From the time that kids are little, parents in New Jersey and nationwide often assure them that they can be anything they want to be when they grow up. Parents then want to give their children the best shot at becoming successful in whatever field they choose. Often times, this means that a parent will co-sign on his or her child’s student loans so they can attend college.
Student loan debt has skyrocketed to over $1 trillion in the United States. The difficult economy combined with the high price of a college education has put graduates in a tough spot. Many kids earn their college degree and then have a very challenging time securing a job that will help them pay down their debt. When a primary borrower, generally the student, cannot make their student loan payments, the co-signer is tasked with the payment. Increasingly, the co-signer is a student’s parent who likely did not anticipate this added financial responsibility.
Even before the current financial crisis, the Federal Reserve Bank of New York reported that more than 2 million people over the age of 60 owe money for a private or federal student loan. This older generation is likely not taking out student loans for their own educational benefit, so it is believed that many of them are parents who now owe money for their children’s college education.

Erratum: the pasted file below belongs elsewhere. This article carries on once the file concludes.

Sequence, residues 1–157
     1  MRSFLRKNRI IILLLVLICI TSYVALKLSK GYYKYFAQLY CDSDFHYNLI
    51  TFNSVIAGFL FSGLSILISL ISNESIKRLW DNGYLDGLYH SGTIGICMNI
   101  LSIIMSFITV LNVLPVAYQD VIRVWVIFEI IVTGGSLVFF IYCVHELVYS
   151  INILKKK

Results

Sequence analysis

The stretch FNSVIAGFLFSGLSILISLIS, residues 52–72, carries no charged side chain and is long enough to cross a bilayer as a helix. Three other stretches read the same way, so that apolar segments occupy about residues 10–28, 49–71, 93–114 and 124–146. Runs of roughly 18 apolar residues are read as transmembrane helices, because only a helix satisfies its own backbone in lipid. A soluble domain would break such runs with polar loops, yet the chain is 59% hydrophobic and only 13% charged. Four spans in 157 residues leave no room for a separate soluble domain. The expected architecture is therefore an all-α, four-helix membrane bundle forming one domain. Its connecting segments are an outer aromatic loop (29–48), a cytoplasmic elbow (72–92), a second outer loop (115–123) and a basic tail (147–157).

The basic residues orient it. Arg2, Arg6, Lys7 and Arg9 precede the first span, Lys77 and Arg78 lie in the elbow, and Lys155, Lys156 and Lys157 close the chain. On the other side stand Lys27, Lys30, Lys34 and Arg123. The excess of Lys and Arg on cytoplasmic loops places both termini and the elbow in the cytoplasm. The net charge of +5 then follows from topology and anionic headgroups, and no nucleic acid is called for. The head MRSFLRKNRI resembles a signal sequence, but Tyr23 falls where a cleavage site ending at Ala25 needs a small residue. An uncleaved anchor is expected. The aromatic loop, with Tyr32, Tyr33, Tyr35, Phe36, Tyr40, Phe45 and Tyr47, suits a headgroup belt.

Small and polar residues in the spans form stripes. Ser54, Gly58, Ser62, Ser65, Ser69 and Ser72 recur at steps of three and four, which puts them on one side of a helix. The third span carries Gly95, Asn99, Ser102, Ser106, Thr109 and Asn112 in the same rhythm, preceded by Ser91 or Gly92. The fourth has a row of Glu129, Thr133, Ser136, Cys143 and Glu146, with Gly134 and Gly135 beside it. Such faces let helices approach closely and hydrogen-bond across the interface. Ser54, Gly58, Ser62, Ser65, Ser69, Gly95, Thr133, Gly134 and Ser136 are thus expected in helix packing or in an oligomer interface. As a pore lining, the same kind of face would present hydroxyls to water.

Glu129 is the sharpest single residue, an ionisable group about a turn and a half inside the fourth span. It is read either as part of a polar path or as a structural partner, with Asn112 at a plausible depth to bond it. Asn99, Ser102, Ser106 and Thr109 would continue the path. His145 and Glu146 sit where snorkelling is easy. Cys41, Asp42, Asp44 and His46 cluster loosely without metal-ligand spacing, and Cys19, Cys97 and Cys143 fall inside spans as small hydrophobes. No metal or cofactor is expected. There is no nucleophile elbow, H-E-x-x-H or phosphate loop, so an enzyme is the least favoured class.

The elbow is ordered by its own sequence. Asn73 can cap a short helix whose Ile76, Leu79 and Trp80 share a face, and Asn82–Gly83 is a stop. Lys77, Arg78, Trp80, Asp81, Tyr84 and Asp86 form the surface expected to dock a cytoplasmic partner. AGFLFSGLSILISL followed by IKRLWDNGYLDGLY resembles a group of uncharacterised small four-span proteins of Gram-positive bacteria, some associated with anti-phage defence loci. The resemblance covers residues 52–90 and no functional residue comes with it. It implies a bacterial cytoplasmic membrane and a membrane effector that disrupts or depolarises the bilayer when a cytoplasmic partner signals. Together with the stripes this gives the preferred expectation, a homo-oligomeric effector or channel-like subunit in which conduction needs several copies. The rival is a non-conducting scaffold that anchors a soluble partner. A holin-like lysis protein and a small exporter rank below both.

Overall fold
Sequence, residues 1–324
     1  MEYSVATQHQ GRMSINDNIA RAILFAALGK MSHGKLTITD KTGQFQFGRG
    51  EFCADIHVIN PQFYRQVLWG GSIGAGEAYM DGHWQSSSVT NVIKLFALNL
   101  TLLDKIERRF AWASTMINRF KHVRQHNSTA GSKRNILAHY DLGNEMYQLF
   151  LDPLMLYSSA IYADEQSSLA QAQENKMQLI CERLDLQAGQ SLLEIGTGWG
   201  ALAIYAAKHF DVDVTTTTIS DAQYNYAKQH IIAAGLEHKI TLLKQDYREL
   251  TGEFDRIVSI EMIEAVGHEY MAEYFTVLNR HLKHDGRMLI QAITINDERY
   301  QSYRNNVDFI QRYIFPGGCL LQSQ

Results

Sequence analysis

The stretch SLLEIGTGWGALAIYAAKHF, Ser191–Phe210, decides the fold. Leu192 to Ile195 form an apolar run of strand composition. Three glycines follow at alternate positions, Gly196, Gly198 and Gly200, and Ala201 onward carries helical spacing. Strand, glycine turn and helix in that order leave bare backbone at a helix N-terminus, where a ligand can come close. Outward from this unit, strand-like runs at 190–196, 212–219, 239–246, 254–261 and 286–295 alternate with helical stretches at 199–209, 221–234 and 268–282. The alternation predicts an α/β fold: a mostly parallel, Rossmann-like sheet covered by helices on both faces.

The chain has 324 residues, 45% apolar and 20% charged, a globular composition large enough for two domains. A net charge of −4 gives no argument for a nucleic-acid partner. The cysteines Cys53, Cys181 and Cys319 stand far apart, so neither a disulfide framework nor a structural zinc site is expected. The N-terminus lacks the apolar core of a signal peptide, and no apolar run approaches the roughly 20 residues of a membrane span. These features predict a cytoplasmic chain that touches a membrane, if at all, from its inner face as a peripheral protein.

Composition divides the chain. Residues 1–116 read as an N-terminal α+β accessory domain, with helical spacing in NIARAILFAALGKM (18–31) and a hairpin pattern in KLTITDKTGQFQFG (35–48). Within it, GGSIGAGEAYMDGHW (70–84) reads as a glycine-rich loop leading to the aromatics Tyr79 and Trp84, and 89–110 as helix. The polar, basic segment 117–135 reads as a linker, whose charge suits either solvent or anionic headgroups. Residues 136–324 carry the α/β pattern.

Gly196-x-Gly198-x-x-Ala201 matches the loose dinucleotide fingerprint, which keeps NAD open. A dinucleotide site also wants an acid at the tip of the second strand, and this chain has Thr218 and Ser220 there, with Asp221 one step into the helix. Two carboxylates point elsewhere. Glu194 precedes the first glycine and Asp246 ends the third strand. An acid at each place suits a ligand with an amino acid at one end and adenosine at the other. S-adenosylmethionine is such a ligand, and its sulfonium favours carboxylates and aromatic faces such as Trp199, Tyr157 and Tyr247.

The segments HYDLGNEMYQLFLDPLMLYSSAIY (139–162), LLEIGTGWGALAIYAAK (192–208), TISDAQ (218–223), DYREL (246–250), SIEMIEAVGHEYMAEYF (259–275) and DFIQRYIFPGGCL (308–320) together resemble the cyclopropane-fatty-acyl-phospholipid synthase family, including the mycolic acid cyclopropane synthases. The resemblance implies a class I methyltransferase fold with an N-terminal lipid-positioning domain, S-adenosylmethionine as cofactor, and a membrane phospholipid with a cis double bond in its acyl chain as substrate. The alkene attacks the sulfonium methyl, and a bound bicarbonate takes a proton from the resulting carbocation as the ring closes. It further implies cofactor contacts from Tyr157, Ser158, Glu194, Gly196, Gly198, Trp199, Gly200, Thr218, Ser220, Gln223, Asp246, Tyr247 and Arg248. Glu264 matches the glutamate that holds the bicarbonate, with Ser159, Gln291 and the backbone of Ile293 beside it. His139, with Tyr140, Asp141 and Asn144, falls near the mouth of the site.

Wanting to help young students financially is a natural inclination for many parents and grandparents. However, this move has had an unfortunate consequence for many parents. With the added expenses of a child’s student loans, many older adults get buried under the unexpected financial burden. Other payments may suffer. Medical bills that are not uncommon in older generations may be piling up. It can all be too much for many families to handle.
A good discussion that people in this situation need to have is whether filing for Chapter 13 bankruptcy protection is an option for them. Unlike other common chapters of bankruptcy, Chapter 13 allows people the opportunity to address student loans in a repayment plan. Reorganizing debt in this way means that people can take control of their financial future and work to eradicate debt that cannot be eliminated in other types of bankruptcy.
Source: Forbes, “This Week in Credit Card News–Student Loan Perils, Hurricane Relief & Rising Household Debt,” Bill Hardekopf, Nov. 5, 2012
- Struggling with student loans and other sources of debt can be very stressful and challenging. For information on what can be done about these types of financial obligations, please visit our Cherry Hill Chapter 13 Bankruptcy page.
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